- 84% state that when choosing a product if price and specifications were similar between two brands, they would choose the product with a longer warranty.
- 87% state that brands offering warranty longer than those of its competitors are more trustworthy.
- 89% consider longer than average warranty periods proof that a brand is confident in the quality of its products.
- 87% state that a longer warranty means higher product quality.
What is Canon doing with this information?
From today (25 November) Canon will offer a new five-year warranty for it’s Mirrorless, DSLR, Digital Video Camera and Lens ranges.
It already offers similar warranties on its commercial printer products.
Jason McLean, Director – Consumer Imaging, Canon Australia said,
Canon’s new five-year camera warranty meets Australian consumers’ expectations for longer warranties to apply to higher-end products. It is time for the consumer electronics industry to modernise its warranties to reflect consumer expectations of quality, trust and value.”
GadgetGuy’s take – Canon Warranty Expectations Survey 2019 is the tip of the iceberg
We are long term supporters of the ACCC’s hard-fought and comprehensive Australian Consumer Laws. We are also long-term advocates of buying genuine Australian product with Australian warranty. And let’s not get into the right to repair issues that we all should expect government legislation to mandate.
There are so many issues with warranty lets pick just a few.
A longer warranty reinforces perceptions of brand quality – definitely
Remember back when cars had a 12-months warranty? I notice now Jeep offering 5-years warranty to counter public perceptions of the reliability issues that plagued it. Sales are on the accent again.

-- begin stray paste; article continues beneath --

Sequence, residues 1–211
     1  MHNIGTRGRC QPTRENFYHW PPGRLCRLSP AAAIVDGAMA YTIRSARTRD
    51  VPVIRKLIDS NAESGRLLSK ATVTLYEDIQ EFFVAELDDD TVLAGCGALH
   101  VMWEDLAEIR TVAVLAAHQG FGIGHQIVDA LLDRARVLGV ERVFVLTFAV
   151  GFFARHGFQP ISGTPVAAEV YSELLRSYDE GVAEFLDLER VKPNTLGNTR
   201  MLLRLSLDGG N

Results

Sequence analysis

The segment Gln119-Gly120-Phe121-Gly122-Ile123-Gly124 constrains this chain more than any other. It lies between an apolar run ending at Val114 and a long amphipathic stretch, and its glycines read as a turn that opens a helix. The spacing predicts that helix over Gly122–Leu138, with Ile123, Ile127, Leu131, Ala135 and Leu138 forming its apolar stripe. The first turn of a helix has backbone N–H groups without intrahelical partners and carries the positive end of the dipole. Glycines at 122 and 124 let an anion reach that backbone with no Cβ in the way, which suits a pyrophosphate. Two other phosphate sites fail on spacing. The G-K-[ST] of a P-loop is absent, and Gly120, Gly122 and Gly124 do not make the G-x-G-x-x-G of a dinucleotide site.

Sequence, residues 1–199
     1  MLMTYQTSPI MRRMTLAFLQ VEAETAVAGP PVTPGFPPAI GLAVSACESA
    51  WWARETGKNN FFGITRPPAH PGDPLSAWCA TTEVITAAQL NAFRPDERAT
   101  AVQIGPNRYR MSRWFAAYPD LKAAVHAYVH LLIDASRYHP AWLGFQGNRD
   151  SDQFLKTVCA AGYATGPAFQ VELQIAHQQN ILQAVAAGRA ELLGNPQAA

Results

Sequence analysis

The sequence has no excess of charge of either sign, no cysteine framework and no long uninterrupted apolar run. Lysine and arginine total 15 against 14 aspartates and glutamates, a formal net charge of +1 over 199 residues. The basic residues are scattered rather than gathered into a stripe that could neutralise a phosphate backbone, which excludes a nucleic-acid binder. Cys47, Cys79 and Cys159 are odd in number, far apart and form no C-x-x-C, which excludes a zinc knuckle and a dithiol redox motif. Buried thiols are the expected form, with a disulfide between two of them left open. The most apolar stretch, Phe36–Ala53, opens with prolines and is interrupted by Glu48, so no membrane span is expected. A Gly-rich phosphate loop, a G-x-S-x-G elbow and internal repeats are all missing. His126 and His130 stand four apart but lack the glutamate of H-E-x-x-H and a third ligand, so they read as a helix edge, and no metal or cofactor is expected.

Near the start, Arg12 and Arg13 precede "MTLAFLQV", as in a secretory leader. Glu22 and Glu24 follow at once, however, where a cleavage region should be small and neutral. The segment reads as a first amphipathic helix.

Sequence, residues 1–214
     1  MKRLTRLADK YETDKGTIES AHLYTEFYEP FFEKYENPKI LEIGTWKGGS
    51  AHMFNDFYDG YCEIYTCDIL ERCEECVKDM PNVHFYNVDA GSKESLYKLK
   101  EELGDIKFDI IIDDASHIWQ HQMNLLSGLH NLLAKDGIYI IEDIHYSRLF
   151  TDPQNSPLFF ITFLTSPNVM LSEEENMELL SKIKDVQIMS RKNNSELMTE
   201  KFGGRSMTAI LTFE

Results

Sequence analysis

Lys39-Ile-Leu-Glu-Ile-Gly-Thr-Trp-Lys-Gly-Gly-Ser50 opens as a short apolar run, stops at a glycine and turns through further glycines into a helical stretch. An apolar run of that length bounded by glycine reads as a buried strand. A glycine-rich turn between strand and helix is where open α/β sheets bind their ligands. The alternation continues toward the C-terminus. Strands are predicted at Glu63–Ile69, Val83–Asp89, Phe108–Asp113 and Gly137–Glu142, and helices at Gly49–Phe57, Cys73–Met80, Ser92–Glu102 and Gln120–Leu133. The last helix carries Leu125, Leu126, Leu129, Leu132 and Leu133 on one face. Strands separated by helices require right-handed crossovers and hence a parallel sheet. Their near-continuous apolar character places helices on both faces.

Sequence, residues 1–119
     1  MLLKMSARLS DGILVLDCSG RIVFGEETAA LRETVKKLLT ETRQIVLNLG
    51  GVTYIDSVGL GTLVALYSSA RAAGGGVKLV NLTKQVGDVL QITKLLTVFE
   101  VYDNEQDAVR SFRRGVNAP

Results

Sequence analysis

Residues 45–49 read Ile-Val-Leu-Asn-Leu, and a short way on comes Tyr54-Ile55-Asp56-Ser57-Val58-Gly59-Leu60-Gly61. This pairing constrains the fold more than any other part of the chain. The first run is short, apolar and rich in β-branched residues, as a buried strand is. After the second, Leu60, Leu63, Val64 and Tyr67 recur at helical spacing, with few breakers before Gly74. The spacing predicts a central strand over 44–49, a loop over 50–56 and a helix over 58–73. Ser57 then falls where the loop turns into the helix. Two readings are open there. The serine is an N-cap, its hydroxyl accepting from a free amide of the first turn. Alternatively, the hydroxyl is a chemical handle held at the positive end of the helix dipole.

Seagate upped its data centre drive warranty to five years. This led to a 24% increase in sales and a corresponding decrease in competitor sales (still offering only a one year warranty). Even when competitors matched that, Seagate remained well ahead.
But longer warranty means keeping more substantial warranty fund reserves and parts – so true
Warranty length in the consumer electronics industry reflects many things. The failure rate over time; the ability to keep enough spare parts for the warranty period; repairability ease/cost; and most importantly – the dollar reserves that the company has to hold to cover claims.
Take Apple as an example. According to Warranty Week, its quarterly warranty claims are about US$1 billion on annual sales of about $250 billion (about 2%). For a twelve-month warranty, it has to hold reserves and parts of about $4 billion. Imagine what would happen if it had to offer a 24-months warranty and if failure rates increased over that time to 4%?
Apple counters warranty and liability to an extent by selling Apple Care+. The ACCC says is not worth the paper it is written on.
Grey market – not my problem in my back yard
One of the most significant issues that major brands face is the grey market and parallel import of products like phones and consumer electronics where the online merchant – not the manufacturer – offers the warranty.
As many of these resellers are offshore, the warranty is not worth the paper it is written on. If you buy grey market don’t expect repairs!
Counterfeit and fakes
And then there is a massive counterfeit and fake market that purports to be a brand product – usually failing and sullying the real manufacturer’s reputation.
And watch out for fake websites that can steal your ID and empty your bank account – Shop local!
Caveat emptor – buyer beware – if the price is too good to be true it probably is – has never been more of an issue, especially at those Black Friday, Cyber Monday, Click frenzy times where all buyers look at is price first – Have I got a deal for you!